Here's my review of the Mizuno Wave Prophecy 6 after running more than 60 miles on these over a month.
Heel height = 37 mm
Forefoot height = 25 mm
Heel to toe drop = 12mm (Approx)
Flexibility = moderate to hard
Weight = 13 pounds
By the time I picked up these shoes for the first time, the upper materials and the looks just jumped on me. The shoe looks absolutely gorgeous!
The blue upper had plenty of materials layered over each other. The base layer is made from a mesh-like material that gives you decent breathability around your toebox.
There is then a leather overlay that's stitched and not moulded. I personally prefer the seamless construction of many shoes that are available in the market.
On top of the leather, we have a plastic overlay on the sides that help clutch the shoes to your ankle. All these overlays contribute significantly towards the weight of the shoe. These shoes are also quite bright by reflecting light during your runs at nights.
Overall, the shoes are quite pleasing to the eye.
I personally felt the shoes were a little tight for my liking and had to stay wary while tightening the laces too much.
In saying that, the lace provided with the shoes are possibly the best I've seen for a long time! Once tied, they are very hard to untie and maintains a great hold during your runs. The toe box also felt a little narrow for my liking.
After running in the Wave Prophecy 6 after the 6-8kms my feet started hurting badly around my toe box. In the heel section, the heel counter had ample cushioning.
The heel cup is made of solid plastic that is quite solid in that aspect. The tongue also had quite a bit of cushioning.
Coming to the midsole, this is where Mizuno has put all their money in.
The midsole is essentially 2 plastic "wave plates" held together all along the length of the midsole. The engineering principle behind this is that when the shoe strikes the ground, the waves compress and then expand on the toe off providing the cushioning and energy return.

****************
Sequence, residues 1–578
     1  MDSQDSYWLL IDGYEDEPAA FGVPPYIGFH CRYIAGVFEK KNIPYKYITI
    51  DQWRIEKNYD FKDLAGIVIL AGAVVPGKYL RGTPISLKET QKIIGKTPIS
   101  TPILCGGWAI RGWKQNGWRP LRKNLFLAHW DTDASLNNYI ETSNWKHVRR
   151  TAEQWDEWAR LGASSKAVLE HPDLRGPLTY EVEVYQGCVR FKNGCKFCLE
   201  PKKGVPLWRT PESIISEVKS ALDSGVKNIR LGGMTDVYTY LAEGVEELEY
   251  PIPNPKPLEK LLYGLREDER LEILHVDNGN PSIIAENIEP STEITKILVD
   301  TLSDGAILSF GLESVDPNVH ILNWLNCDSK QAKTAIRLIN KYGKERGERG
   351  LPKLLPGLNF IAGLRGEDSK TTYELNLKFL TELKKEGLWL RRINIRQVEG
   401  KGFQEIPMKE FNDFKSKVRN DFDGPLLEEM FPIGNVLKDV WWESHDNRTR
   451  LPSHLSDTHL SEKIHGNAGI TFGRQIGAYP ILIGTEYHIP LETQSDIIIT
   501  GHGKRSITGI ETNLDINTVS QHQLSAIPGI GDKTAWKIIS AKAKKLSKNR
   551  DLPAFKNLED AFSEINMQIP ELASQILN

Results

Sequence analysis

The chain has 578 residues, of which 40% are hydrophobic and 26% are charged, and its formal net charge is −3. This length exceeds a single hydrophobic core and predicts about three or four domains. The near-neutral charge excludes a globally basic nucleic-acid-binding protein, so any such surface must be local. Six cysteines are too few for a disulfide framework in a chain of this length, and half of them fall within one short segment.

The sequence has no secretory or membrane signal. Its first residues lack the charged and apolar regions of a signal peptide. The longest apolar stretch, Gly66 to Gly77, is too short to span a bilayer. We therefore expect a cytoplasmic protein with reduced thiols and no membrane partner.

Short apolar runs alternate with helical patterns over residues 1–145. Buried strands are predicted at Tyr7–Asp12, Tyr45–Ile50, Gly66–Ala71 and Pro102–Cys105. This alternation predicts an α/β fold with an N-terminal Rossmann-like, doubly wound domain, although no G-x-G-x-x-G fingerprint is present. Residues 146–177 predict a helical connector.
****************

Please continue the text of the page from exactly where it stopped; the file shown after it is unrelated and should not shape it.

In theory, it's good but it didn't necessarily translate into performance for me. The wave plates felt too rigid in my opinion during my running cadence.
Between the upper and the top waveplate, Mizuno has filled the gap with the u4ic (pronounced Euphoric) Eva. The EVA foam doesn't help here in my opinion.
Perhaps it might really be helpful for someone who's a bit heavier than me in my 75kgs. Also, the heel to toe drop here is around 12mm which was a little too much for me.
My running cadence felt slightly unnatural in these shoes. The wave plates may sometimes force you to adapt to a springy cadence to extract some responsiveness.
The outsole was, fortunately, very durable.
I found very slight wear on the outsole, thanks to Mizuno's x10 carbon used along with the rubber.
The rubber is not throughout the bottom of the shoe like some of the New Balance fresh foam lineup. Instead, Mizuno has strategically placed the rubber outsole on areas of high wear.
On the arch region, the wave plate is exposed to provide some stability for people who overpronate. There's also ample rubber on the forefoot which is where I land on striking. They've given some contrasting accents for visual appeal.
Wrapping it up with a summary here are:
The Things I Liked
- Colors – Very visually appealing & will make heads turn when you're on the road.
- Very durable upper and outsole.
- Very good lacing material.
- Snug fit on the upper.
Things I Disliked
- Narrow toe box.
- Waveplate based cushioning was a miss for me.
- Unnatural cadence due to high heel-to-toe drop.
- Too heavy. Certainly not for racing.